In fact, the prices in some cities would have fallen much more than they have if the governments hadn’t increased the ready reckoner rates. “Starting January, 2015, the Maharashtra state government increased the ready reckoner rates (the price which is set by the state governments and which becomes the floor price for property prices) by 15-20 per cent in Mumbai, by 40 per cent in the suburbs and, on average, by 15 per cent across Maharashtra. Similarly, ready reckoner rates (circle rates) in Delhi were increased by 20 per cent this January. Kolkata too went through a ready reckoner rate hike,” write Mukherjea and Shekhar. The builders cannot sell below the ready reckoner price. But the buyers are finding this price too high. Hence, it is important that the state governments cut the ready reckoner prices and make homes more affordable in the process.

Further, investors have started to stay away from real estate. They have now started to understand that there is a huge amount of unsold homes that builders are sitting on and it will take a while to clear this inventory. Take the case of the NCR. The Assocham survey cited earlier revealed that “the NCR residential market is stuck with an estimated inventory of 1,70,000 units while another 90,000 dwelling units under construction are likely to be delayed for handover.” The survey was extremely comprehensive and collected data from nearly 120 real estate developers in Delhi-NCR.

Hence, there is a huge inventory build up. Over and above this, more new homes are being constructed which will keep adding to the inventory. This inventory needs to be cleared up for investors to be interested in investing in real estate again, as they were in the past. And until that happens the returns from investing in real estate will continue to remain low or even negative.

As the Assocham survey points out: “A large inventory is piling up despite prices correcting by over 20 per cent in the last one year, while there is a huge fall in the new projects being launched by developers who are hard-pressed for cash... The increase in inventory level is because of the falling demand from actual users as also the investors. Even the ready-to-move flats are finding few buyers, reveals the majority of the respondents.”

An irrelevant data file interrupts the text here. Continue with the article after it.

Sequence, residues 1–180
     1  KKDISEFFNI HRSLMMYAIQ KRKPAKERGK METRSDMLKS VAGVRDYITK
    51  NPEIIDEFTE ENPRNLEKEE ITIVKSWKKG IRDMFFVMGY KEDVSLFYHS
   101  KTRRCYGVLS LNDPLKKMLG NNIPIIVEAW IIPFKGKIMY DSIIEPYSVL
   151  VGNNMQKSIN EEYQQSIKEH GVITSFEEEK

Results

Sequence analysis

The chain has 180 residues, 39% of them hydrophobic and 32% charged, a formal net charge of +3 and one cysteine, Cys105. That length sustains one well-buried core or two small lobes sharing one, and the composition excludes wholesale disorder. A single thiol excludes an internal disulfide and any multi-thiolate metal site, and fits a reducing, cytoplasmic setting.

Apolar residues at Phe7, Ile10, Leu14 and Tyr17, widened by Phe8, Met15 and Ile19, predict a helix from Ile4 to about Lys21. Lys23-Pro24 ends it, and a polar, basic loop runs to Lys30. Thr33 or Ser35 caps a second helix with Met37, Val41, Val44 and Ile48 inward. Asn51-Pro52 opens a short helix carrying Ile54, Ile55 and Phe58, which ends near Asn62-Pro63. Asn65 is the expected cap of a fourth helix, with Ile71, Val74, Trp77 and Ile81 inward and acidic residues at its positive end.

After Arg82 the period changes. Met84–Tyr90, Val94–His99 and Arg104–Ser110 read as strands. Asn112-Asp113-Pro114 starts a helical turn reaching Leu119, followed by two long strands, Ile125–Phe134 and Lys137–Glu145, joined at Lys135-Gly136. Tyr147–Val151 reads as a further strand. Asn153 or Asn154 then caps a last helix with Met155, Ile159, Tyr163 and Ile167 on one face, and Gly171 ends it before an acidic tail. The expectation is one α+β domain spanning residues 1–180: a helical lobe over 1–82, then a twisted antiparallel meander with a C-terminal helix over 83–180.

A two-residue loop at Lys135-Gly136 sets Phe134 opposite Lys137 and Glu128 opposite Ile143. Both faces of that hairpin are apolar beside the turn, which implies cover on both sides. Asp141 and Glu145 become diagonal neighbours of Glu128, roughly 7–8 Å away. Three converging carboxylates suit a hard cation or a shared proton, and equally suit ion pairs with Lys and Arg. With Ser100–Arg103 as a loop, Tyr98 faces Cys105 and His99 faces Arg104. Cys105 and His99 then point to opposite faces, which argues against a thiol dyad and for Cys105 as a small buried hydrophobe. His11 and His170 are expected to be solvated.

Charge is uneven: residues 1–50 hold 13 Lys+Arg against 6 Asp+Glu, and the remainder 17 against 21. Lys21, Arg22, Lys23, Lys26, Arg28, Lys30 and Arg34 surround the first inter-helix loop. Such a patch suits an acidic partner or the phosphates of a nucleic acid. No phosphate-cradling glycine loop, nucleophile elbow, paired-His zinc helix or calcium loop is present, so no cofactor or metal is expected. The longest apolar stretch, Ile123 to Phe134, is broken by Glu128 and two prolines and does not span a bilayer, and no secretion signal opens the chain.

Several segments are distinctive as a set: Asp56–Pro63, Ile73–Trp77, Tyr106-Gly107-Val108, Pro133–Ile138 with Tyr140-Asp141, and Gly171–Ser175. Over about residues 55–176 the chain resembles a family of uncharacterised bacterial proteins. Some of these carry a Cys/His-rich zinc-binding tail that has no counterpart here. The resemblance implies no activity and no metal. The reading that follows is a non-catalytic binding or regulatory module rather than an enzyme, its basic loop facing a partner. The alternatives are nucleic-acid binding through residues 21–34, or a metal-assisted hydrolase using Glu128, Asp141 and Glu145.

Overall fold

In spite of a fall in prices, demand continues to remain low. The survey points out: “The ticket price (of) three-bedroom, two-BHK and single room flats has seen correction by 30 per cent in Noida, 25 per cent in Gurgaon and 15 per cent in some key areas of Delhi but still, the demand stays subdued”.

What is worrying is that real estate is a huge employer of the unskilled labour force. And a slowdown in the sector will have a huge impact on job growth. As Mukherjea and Shekhar point out: “Real estate has been central to job creation and capex generation over the few past years. As per the NSSO (National Sample Survey Organisation), the biggest source of job creation in India over the past ten years has been the construction sector (construction sector has contributed to roughly 30 per cent of all the jobs created over the past decade). In this context, mass layoffs at construction sites seem to be resulting in wage pressure in the blue collar job market.”

For an economy, which is struggling to create economic growth, this is clearly not good news.

To conclude, real estate prices will have to fall more if the huge amount of unsold inventory of homes that has been built up needs to be sold. Hence, if you are a buyer looking for a good deal, it might just make sense to wait a little more and see how things pan out.

Last updated: July 17, 2015 | 14:26